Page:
Shared thousands of times on Facebook, a meme showing a black-and-white photograph of three white children in ragged clothing claims that “the first slaves imported into the American colonies were 100 White children in 1619, four months before the arrival of the first shipment of Black slaves.” This claim is false.
According to the Southern Poverty Law Center (SPLC), a civil rights organization that tracks hate and extremist groups ( www.splcenter.org/hate-map ), the myth of the “Irish slaves” has been a favorite meme of the far-right for the past few years ( here ). Described by the SPLC as historical “revisionism,” the narrative “has attracted Neo-Nazis, White Nationalists, Neo-Confederates, and even Holocaust deniers, while racist trolls have deployed the myth to attack the Black Lives Matter movement.”
The image in the social media posts, taken by Lewis W. Hine, is titled “Young Oyster Shuckers” and has the following caption: “Group portrait of young girls working as oyster shuckers at the canning company at Port Royal, SC, 1911. From left to right: Josie, six years old, Bertha, six years old, and Sophie, 10 years old.” The photo was taken over four decades after the end of the Civil War and the abolition of slavery in the U.S. (here ).
The claim that the first slaves to arrive in the American colonies were white children is false. The Africans who were taken to the colony of Virginia in 1619 had been captured in Angola ( here ). In the summer of 1619, two English ships attacked a Portuguese ship carrying 350 African captives, taking 50-60 Africans with them to Virginia. The first British ship arrived with 20 enslaved Africans, making them the first to arrive in the American colonies and inspiring the New York Times’ 1619 Project ( here , here ).
A timeline of Virginia records provided by the Library of Congress does not mention the arrival of a shipment of “100 White children” from Ireland at any point between 1600 and 1743 (here).
It is true that Irish people were among the hundreds of thousands of indentured servants who came to North America between the 17th and 19th centuries ( here , here ). Indentured servitude describes a system of labor by which a servant worked for four to seven years in exchange for passage to and food and shelter in the New World ( here ). Historian Alan Taylor explained that many of these indentured servants prior to 1620 “were forcibly transported either as unwanted orphans or as criminals punished for vagrancy and petty theft,” while after 1620 most were “technically volunteers” ( here ).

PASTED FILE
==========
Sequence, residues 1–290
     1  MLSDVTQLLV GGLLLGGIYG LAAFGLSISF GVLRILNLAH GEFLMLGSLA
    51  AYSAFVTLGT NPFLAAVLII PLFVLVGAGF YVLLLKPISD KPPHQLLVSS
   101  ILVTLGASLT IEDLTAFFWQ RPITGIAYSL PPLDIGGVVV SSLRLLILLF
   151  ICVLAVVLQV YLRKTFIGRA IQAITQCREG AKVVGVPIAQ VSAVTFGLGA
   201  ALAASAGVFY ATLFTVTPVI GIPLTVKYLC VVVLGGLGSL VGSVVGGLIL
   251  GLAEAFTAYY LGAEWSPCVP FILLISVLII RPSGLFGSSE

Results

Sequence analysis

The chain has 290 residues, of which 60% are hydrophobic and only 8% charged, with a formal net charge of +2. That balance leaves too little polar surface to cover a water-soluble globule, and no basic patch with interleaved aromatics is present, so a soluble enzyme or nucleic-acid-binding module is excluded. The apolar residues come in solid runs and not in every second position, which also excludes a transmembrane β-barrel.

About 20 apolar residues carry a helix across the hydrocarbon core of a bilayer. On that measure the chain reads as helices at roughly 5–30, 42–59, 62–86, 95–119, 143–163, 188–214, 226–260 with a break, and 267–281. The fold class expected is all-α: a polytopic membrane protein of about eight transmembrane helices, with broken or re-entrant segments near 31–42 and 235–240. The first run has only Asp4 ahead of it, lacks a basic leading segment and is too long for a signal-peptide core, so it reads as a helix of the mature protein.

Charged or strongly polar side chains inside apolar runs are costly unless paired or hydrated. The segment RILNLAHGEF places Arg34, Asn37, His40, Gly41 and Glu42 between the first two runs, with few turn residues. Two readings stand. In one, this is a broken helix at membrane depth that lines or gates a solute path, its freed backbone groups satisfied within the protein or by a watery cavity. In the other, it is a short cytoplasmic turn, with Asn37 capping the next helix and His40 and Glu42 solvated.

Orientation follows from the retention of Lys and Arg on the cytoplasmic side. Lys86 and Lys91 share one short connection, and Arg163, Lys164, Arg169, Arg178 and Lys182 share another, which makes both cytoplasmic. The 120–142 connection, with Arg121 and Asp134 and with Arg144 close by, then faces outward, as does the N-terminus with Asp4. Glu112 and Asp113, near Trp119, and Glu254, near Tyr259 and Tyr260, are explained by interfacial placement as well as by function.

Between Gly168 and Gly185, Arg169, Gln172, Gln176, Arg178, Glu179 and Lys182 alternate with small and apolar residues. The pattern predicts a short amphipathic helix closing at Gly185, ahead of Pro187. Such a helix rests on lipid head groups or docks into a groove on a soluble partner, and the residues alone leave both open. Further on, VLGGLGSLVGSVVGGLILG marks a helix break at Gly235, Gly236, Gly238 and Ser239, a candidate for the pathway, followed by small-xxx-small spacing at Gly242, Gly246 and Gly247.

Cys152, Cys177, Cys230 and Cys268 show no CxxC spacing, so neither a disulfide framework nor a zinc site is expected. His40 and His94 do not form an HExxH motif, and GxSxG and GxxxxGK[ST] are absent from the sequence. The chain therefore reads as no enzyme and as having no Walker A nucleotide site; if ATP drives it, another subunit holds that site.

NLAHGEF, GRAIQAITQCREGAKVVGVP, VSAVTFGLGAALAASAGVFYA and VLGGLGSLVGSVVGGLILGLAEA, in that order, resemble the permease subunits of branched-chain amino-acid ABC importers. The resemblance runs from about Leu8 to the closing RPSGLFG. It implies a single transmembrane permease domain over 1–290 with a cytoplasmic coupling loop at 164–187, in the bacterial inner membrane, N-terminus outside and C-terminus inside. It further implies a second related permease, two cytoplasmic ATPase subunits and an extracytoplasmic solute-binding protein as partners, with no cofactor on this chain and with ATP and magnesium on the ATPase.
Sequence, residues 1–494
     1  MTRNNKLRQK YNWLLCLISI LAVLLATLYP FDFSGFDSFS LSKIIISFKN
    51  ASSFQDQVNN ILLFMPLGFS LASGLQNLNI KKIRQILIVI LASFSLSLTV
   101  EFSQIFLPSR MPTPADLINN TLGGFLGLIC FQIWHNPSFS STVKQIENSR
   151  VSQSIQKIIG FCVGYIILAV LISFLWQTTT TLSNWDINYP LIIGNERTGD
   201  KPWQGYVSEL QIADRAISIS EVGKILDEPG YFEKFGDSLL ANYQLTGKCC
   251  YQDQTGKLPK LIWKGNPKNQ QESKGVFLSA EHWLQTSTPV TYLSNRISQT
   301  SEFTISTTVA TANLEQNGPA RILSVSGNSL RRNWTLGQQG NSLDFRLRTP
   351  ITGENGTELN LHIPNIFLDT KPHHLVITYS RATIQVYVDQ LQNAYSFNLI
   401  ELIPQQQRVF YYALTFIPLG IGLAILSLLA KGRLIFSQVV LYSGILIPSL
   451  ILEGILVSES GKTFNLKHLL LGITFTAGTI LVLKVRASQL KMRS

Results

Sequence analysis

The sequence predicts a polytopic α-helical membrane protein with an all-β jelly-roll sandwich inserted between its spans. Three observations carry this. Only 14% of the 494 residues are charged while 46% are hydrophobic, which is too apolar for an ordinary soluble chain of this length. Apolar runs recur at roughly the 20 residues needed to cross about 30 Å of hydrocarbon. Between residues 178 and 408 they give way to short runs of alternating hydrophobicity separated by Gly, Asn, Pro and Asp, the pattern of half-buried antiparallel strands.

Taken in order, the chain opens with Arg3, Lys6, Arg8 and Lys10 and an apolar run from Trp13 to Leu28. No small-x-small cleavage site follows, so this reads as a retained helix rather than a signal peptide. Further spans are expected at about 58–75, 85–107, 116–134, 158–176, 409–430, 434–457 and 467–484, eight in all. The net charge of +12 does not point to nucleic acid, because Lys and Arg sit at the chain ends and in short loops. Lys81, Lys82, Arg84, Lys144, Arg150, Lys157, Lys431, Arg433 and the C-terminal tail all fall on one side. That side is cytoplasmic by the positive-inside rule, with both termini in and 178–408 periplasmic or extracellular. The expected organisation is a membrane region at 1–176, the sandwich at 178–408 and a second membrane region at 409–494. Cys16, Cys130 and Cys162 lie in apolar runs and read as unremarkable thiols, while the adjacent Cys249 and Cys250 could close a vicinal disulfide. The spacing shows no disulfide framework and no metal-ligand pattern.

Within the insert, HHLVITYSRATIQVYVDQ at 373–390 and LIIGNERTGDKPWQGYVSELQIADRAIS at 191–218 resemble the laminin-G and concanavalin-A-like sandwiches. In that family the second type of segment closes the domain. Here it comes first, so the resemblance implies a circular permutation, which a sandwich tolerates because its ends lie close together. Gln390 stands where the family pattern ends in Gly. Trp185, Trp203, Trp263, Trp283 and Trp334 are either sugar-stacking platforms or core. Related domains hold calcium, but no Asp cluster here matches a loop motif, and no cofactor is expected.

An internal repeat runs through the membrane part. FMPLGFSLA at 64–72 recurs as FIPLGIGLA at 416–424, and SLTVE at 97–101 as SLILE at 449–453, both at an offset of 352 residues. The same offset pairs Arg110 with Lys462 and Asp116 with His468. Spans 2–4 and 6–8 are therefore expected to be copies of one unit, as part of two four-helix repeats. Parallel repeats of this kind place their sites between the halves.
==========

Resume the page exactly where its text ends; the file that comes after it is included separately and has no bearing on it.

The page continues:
The life of an indentured servant was hard ( here ). Servants received severe punishments, and contracts could be extended for breaking a law like running away, or becoming pregnant. But although the system was harsh, it can’t be equated with the brutal system of racialized chattel slavery that came to dominate the American agricultural economy by the turn of the 18th century. Though some of the first enslaved Africans were initially treated similarly to indentured servants, slave laws passed in Massachusetts in 1641 and in Virginia in 1661 stripped blacks of any freedom they had been previously given.
Slavery in British North America and eventually the United States was not only a permanent condition, but a hereditary one passed down from mother to child ( here , here ). Considered chattel, enslaved people were bought, sold, and treated as property ( here ). This was not the case with indentured servitude, which declined in the second half of the 17th century as colonists made the full transition to African slave labor ( here, here, here ) Provided by the Library of Congress, collections of primary sources on American slavery can be found here .
False. The first slaves to arrive in British North America in 1619 were not “100 white children,” but 20 African captives. Although the Irish were among the indentured servants who arrived in the colonies, indentured servitude and chattel slavery were two very different systems.
This article was produced by the Reuters Fact Check team. Read more about our work to fact-check social media posts here .
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